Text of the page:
One of the world’s first and most famous libraries, in Alexandria, Egypt, was frequently home some 2,000 years ago to the self-starters and self-employed of that era. “When you look back in history, they had philosophers and mathematicians and all sorts of folks who would get together and solve the problems of their time,” says Tracy Lea, the venture manager with Arizona State University’s economic development and community engagement arm. “We kind of look at it as the first template for the university. They had lecture halls, gathering spaces. They had co-working spaces.”
This old idea of the public library as co-working space now offers a modern answer – one among many – for how these aging institutions could become more relevant two millennia after the original Alexandria library burned to the ground. Would-be entrepreneurs everywhere are looking for business know-how and physical space to incubate their start-ups. Libraries meanwhile may be associated today with an outmoded product in paper books. But they also happen to have just about everything a 21st century innovator could need: Internet access, work space, reference materials, professional guidance.
Libraries also provide a perfect venue to expand the concept of start-up accelerators beyond the renovated warehouses and stylish offices of “innovation districts.” They offer a more familiar entry-point for potential entrepreneurs less likely to walk into a traditional start-up incubator (or an ASU office, for that matter). Public libraries long ago democratized access to knowledge; now they could do the same in a start-up economy.
“We refer to it as democratizing entrepreneurship,” Lea says, “so everyone really can be involved.”
For decades, 20th-century modernists had favored openness in urban planning, maintaining that undue density caused social problems and that expansiveness and green, park-like spaces were healthful and therapeutic. The early 1960s saw a shift away from this thinking, and by this time Rudolph had concluded that open spaces actually caused alienation. Thus he advocated enclosure, believing that it would stimulate strong, positive, emotional responses from individuals and the community. To be sure, Rudolph’s notion of what constituted community was unclear, perhaps because of his intense focus on individuality. To a large extent his notions about urbanism, enclosure, and communal space — mostly an appreciation of the traditional city’s formal, aesthetic qualities — were drawn from City Planning According to Artistic Principles (1889), by the late 19th-century Austrian planner Camillo Sitte.  Rudolph frequently referred to Sitte in articles and lectures and in discussions about urbanism for his Yale studios. Like Sitte, Rudolph believed that buildings that shared walls exemplified tighter, more cohesive urbanism.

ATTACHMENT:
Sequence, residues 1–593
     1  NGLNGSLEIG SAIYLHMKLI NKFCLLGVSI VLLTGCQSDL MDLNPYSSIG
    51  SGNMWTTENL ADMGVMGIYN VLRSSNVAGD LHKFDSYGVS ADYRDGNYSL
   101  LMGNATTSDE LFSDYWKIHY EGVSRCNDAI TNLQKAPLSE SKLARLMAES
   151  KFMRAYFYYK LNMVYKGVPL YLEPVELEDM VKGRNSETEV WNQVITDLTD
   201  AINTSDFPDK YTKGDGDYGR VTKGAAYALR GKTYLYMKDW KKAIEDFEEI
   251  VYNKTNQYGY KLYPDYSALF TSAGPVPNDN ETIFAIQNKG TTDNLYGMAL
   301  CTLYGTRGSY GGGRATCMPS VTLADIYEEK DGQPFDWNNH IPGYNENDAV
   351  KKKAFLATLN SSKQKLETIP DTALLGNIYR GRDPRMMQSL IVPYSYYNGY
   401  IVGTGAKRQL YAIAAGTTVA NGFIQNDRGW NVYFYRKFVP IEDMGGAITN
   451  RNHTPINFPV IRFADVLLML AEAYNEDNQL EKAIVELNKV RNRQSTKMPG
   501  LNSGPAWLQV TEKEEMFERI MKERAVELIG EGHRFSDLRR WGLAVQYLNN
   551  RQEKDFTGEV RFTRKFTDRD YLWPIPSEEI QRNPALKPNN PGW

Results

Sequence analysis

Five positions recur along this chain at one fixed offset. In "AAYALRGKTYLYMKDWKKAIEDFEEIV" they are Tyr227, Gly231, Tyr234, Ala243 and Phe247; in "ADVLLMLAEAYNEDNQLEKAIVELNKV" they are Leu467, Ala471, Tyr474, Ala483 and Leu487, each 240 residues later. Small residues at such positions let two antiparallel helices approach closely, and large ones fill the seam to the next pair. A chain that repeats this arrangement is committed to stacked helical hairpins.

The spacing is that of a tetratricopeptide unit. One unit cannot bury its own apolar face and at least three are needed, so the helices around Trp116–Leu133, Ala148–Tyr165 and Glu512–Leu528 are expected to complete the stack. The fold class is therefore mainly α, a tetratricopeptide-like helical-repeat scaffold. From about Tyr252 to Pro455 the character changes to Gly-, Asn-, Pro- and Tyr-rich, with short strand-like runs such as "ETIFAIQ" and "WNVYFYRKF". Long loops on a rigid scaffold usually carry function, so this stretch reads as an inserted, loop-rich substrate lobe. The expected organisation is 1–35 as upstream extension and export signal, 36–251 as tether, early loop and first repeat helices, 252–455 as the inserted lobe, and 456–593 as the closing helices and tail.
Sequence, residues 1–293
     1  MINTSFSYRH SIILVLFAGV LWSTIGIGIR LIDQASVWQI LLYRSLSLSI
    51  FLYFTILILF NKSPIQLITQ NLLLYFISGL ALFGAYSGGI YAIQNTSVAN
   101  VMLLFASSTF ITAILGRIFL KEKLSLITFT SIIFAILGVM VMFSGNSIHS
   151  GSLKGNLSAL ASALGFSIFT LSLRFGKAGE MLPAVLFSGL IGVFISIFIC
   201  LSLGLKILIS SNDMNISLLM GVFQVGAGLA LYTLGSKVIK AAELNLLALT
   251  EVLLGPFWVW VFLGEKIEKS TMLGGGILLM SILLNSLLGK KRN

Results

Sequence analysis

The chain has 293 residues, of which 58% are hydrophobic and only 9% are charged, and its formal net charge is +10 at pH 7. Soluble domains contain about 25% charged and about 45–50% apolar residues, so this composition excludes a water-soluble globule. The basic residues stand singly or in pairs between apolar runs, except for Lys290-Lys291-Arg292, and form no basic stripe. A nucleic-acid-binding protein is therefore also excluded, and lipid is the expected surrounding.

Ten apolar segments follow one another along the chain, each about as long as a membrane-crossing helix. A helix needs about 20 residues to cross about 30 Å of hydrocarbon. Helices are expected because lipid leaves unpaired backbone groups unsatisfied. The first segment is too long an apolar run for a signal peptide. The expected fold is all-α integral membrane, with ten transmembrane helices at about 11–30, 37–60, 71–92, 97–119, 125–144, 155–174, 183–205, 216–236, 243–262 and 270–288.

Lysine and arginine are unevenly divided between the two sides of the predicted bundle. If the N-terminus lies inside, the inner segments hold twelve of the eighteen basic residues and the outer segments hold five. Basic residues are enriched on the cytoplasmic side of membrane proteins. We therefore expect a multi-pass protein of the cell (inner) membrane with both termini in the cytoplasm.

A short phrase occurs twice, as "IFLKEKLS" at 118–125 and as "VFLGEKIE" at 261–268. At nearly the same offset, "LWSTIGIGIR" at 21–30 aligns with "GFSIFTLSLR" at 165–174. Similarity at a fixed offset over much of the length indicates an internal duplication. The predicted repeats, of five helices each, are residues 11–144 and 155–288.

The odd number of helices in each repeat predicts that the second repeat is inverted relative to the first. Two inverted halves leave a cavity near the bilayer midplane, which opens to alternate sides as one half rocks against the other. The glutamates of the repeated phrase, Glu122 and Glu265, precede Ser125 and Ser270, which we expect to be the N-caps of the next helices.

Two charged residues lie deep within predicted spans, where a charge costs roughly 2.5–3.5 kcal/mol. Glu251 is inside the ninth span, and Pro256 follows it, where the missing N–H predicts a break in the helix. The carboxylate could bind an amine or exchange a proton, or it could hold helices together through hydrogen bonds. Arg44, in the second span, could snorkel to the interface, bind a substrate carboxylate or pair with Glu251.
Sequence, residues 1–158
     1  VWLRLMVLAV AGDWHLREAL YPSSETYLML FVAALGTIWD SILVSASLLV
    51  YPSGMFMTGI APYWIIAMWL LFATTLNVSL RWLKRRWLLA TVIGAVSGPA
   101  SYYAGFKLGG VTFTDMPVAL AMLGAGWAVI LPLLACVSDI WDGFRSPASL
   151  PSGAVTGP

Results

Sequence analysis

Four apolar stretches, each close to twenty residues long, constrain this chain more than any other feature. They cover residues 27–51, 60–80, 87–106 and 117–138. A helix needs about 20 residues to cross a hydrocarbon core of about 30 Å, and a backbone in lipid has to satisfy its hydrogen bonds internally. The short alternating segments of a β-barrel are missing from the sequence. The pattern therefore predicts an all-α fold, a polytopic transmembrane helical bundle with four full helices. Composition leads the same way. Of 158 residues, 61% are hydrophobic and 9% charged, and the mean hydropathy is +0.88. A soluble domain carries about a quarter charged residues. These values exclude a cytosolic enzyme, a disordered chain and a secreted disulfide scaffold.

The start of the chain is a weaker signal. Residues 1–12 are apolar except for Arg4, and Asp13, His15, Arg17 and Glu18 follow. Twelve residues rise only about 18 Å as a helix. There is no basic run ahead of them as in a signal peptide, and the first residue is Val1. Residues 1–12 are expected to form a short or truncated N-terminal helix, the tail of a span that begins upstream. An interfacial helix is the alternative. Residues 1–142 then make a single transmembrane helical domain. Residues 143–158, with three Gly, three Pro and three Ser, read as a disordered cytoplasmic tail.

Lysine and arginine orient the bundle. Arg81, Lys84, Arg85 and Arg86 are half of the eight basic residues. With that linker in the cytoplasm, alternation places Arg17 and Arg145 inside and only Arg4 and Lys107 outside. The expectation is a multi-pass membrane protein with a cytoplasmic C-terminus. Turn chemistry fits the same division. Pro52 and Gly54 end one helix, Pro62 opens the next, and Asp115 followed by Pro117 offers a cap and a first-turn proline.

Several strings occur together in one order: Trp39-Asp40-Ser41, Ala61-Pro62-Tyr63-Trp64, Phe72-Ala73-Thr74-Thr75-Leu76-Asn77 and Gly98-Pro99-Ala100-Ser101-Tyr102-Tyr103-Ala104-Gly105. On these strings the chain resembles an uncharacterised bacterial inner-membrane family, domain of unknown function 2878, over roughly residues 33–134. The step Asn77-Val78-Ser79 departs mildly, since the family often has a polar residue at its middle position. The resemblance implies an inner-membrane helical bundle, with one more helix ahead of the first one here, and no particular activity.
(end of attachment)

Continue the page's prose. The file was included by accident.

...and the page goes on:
Famously employing the term “agoraphobia” to describe the alienating effects of vast open urban spaces, Sitte criticized the psychological impact of conventional planning.  In a way that appealed to the musician in Rudolph — in his youth the architect had aspired to be a concert pianist — Sitte thought the city should be like the stage set for an opera — a Wagnerian Gesamtkunstwerk, a total work of art, with squares and piazzas for civic activities, such as parades and communal festivals, that would have the emotional impact of musical theater directed by a great conductor. These views resonated with Rudolph, and he found especially appealing Sitte’s criticism of conventional planning strategies, of collaboration and bureaucratic organization. “Works of art cannot be created by a committee or through office activity,” Sitte said, “but only by a single individual; an artistically effective city plan is also a work of art and not merely an administrative matter. That is the crux of the whole matter.”